A traditional fishing town with white cottages and lobster…..

Paternoster, one of the oldest fishing villages in the country, is situated on the West Coast and is known for lobster and the white-washed fishermen’s cottages.

The name Paternoster means “Our Father” (Pater –father and Noster – Our) in Latin and is said to refer to either prayers of Catholic Portuguese seamen or the beads that the Khoi tribe wore which were called Paternoster.

The town covers an area of 194.8 hectare and has approximately 1883 inhabitants.

Fishers in Paternoster were among the first members of Coastal Links South Africa. The community, together with other fishing communities formed CLSA in 2002. “We formed Coastal Links because we had to fight for our rights,” commented Naomi Cloete, a long standing CLSA member.

“It was a time when small-scale fishers were not legally recognised and with lots of fishers in my community it was a natural process for us to join the struggle with fellow fishers,” continued Naomi.

Famous for the West Coast Rock Lobster (WCRL), the town has a lobster factory and a Kabeljou farm including commercial fishing factories and a Redro factory which was the first in South Africa in the 1930s.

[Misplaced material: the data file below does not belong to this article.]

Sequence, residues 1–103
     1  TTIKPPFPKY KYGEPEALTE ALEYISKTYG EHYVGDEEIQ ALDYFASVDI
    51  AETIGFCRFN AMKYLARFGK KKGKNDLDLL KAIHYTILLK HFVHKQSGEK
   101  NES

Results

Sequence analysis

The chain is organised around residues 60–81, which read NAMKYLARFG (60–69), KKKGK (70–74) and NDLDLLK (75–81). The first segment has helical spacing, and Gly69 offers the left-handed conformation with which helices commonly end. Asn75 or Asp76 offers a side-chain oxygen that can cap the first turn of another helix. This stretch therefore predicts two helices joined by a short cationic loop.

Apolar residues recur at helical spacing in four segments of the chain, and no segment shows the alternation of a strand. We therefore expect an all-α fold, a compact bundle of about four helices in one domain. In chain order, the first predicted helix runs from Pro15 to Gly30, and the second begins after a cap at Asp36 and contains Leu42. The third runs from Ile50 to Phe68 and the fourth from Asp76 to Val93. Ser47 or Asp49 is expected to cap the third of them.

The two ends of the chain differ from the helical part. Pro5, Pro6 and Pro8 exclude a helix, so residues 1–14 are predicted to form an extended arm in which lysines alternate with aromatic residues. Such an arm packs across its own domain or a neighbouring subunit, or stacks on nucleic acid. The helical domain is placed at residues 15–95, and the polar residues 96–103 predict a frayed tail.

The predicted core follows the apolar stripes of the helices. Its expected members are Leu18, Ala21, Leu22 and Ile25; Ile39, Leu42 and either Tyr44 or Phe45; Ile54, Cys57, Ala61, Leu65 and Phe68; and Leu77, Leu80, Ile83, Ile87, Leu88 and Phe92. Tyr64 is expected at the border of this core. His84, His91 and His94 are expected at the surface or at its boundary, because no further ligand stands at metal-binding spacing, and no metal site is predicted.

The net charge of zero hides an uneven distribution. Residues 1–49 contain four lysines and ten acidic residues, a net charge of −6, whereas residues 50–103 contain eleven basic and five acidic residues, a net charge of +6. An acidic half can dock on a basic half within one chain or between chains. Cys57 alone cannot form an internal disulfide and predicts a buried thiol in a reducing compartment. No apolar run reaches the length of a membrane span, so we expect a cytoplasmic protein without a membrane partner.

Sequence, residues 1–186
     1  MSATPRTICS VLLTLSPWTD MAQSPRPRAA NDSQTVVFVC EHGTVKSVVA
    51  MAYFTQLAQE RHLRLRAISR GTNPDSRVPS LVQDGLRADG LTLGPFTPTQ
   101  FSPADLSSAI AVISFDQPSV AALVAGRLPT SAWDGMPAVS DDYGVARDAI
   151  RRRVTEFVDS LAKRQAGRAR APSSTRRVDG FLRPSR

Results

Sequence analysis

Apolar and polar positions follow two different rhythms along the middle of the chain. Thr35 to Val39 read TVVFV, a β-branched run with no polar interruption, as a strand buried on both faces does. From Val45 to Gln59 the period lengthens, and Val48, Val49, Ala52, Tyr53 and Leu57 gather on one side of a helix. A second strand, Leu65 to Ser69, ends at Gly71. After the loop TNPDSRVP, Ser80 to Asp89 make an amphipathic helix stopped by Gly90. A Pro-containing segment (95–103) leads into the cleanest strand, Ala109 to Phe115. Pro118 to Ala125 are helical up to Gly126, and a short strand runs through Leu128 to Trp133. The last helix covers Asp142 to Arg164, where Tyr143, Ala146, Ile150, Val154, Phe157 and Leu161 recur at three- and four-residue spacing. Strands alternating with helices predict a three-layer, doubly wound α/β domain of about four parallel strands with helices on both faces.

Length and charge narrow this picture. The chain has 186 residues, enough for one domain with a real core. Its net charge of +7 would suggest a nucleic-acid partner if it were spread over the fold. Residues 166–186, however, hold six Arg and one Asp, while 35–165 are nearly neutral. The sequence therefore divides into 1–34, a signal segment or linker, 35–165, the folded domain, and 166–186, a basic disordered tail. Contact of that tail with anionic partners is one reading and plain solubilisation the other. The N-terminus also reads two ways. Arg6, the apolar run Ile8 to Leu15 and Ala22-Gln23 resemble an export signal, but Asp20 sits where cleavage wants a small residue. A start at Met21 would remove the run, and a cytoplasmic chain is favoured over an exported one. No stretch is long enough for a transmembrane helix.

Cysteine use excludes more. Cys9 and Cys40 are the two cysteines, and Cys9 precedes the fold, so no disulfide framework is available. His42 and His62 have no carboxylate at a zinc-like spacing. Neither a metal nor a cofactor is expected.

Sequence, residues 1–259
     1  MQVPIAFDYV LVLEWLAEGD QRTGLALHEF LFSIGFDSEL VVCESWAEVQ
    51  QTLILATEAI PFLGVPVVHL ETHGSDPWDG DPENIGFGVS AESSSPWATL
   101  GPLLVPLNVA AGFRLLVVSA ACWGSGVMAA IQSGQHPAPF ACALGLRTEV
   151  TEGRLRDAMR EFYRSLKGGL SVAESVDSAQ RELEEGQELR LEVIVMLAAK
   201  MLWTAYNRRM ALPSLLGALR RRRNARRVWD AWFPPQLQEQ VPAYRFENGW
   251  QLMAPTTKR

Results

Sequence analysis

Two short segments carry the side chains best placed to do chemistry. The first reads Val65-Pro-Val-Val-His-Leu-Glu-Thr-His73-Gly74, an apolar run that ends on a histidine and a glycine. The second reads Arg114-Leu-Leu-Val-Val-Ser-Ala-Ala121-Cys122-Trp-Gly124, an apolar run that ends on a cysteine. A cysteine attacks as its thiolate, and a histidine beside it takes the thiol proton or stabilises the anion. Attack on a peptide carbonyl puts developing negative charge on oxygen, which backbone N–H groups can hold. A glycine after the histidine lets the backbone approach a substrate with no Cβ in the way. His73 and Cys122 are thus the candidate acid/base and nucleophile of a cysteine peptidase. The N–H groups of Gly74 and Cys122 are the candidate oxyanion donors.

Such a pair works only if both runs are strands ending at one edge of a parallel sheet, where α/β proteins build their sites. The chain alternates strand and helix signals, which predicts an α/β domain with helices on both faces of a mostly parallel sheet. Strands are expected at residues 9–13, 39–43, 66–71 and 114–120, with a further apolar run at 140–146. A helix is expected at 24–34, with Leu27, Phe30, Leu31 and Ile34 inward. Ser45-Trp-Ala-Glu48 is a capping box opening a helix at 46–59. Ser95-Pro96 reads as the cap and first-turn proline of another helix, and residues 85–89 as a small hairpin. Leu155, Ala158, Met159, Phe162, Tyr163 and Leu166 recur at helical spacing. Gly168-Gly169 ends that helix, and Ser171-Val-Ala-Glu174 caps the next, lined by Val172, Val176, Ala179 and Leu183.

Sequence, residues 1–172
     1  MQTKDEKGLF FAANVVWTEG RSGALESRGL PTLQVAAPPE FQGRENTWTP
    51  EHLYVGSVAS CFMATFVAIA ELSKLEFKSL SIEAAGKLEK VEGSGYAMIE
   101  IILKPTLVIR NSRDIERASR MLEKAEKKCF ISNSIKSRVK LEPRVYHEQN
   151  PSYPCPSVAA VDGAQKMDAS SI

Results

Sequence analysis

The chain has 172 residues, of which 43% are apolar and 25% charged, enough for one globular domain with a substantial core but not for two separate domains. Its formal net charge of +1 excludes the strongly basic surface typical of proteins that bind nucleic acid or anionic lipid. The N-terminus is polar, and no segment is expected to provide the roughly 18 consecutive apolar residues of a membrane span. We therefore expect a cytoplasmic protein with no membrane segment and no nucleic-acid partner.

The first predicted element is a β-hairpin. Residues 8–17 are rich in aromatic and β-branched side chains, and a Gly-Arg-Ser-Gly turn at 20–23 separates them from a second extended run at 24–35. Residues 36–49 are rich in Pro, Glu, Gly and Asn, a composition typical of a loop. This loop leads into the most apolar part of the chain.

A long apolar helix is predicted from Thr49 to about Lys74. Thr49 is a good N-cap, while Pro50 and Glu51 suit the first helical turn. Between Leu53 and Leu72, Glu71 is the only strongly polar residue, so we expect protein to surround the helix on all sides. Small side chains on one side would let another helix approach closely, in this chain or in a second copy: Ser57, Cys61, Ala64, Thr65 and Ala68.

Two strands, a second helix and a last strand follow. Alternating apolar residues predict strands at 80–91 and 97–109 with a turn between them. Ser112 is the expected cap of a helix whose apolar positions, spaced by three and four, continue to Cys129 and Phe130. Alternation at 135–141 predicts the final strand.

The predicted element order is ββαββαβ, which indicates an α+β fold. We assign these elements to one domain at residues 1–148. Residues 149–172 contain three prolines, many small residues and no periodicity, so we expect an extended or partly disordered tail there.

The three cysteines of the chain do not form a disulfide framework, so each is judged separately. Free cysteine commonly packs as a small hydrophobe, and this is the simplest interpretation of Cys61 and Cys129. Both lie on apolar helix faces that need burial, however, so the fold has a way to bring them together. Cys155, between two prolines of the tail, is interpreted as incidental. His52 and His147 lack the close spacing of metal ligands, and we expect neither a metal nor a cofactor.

According to Wikipedia, the WCRL was first enjoyed by Portuguese navigators and by 1902 a full-blown lobster industry was in operation, canning and exporting lobster to France in particular.

The town is well known for its colourful fishing boats and the fresh catch those boats and the fishermen come back with. Local fishers catch and sell herring, or draw mussels from the rocks while others are employed by commercial fishing factories in the deep sea fishing, snoek catching, abalone farming, oyster farming, canning of pilchards and mussel farming find more info.

The town is also a favoured tourist destination. With the white wash cottages, shady stoeps and strings of seashells hanging from the reed dakke, this traditional fishing village has kept its looks and is unspoilt by new developments.

Other than fishing, people who visit the town can go whale watching, according to the South Africa Travelling site, SA venues.  “Whales and dolphins frolic in the ocean (ten months of the year) and after the first spring rains fall the landscape is transformed by the millions of indigenous flowers which open and densely carpet the earth in bright bursts of colour (usually between late July and September)”.


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